Goddess Durga ornamented with kumkum, bangles, flowers, and jewelled attires morning prayers accompanied by synchronised bells and the aroma of pure butter delicacies, it's time to step into Navratri festivities.
Navratri is one of the holiest Hindu festivals where people across the country worship the different avatars of Goddess Durga for nine days. Goddess Durga is believed to have nine different incarnations and each female deity signifies a distinct power. The word 'Navratri' refers to the nine auspicious nights during which Goddess Durga is worshipped and most people observe fasts. It is celebrated twice a year, the beginning of spring and at the beginning of autumn, which is considered as a sacred time to worship Goddess Durga.
Usually a large part of north, west and central India observes a fast on all nine days. Some people may choose to fast only on the first and the last day of the festive period. Fasting is a way to pay your gratitude to the Goddess. Traditionally in Hinduism, the consumption of alcohol and non-vegetarian food is considered inauspicious and unholy but there is also sound science behind it. During these fasts people avoid eating meat, grains, alcohol, onion, garlic etc. From an Ayurvedic perspective, these foods attract and absorb negative energies and should be avoided during a seasonal change as our bodies tend to have low immunity around that time.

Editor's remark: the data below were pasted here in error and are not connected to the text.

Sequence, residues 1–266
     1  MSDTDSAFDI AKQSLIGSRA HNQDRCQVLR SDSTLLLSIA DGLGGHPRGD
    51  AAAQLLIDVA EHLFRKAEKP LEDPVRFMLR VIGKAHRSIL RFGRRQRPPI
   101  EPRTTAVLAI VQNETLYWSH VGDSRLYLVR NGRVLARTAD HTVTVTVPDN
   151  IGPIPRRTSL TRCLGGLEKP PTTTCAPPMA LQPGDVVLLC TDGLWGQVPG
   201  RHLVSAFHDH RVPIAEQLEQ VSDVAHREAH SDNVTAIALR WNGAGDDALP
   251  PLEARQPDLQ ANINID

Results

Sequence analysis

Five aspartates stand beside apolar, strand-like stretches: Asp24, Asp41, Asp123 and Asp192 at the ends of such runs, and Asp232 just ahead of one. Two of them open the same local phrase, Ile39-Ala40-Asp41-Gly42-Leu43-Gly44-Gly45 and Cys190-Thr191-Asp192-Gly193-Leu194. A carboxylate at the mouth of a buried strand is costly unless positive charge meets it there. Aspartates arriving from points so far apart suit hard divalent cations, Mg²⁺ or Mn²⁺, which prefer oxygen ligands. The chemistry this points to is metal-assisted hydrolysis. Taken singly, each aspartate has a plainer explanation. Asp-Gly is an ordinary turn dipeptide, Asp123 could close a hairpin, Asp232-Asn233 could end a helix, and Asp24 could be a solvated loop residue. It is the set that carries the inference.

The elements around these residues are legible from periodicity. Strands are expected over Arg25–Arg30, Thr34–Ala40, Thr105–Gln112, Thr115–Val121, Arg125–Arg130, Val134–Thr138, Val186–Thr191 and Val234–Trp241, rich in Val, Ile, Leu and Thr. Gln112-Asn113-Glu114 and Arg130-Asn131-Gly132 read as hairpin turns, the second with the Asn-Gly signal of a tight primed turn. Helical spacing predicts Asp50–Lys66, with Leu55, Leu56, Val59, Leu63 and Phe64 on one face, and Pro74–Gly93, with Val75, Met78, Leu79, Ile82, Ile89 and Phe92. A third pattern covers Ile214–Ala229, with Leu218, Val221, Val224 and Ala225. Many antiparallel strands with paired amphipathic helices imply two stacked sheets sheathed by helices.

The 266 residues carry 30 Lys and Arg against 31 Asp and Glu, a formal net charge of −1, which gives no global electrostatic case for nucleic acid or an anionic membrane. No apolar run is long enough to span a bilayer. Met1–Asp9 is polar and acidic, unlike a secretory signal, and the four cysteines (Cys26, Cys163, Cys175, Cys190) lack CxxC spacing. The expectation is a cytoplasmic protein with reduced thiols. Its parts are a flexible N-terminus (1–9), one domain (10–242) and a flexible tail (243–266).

Navratri festivities give you a chance to get back to the roots and deviate from the day-to-day affair. Ingredients like kuttu atta, singhara atta, fresh vegetables, milk, yogurt and makhanas are preferred as they are light on the stomach and can be digested easily. Instead of regular salt, rock salt or sendha namak is used as it is pure and unprocessed. Those who do not wish to fast may follow a vegetarian satvik diet where ingredients like garlic and onions that produce heat in the body are avoided to allow your body to detox.
Embrace the joy of the festival with the best of some mouth-watering, creative dishes.
- Sabudana Khichdi: Sabudana is full of starch or carbohydrates which gives you the much needed energy boost while fasting. A light dish made with sabudana, peanuts and mild spices.
- Kuttu Ka Dosa: This Navratri move over the usual kuttu puris and rustle up something different. A crisp dosa recipe made of kuttu ka atta (buckwheat flour) with a potato filling.
- Singhare ke Atta ka Samosa: Feast while fasting! Your favourite tea time snack made with fasting ingredients like water chestnut flour, sendha namak and a filling of spiced chironji.
- Aloo ki Kadhi: Tuck into the soothing flavours of this light and lovely curry made with the ever-so-versatile potatoes.
- Low Fat Makhana Kheer: Desserts inspire a cheer, here's for you low fat kheer recipe made with makhana and nuts. Indulge without worrying about the weighing scale!
- Cucumber Pakode: Cool cucumbers fried crisp! These pakoras are one of the most loved fasting recipes. We bet you cannot stop at one bite!
- Banana Walnut Lassi: Charge up with this nourishing drink. Lassi made with the goodness of yogurt, bananas, honey and walnuts.
- Vratwale Chawal Ka Dhokla: A fresh recipe that gives you a break from the usual fried pakoras and puris. Steamed dhoklas made with samwat ke chawal. A healthy way to fast.
- Kebab-e-Kela: Fasting need not be boring anymore! Spiced banana kebabs that perfectly melt in your mouth and please your soul.
- Chironji Ki Dal: Slurp on something different during your fasting days. Here's a quick serving of dal made with chironji or chironji seeds.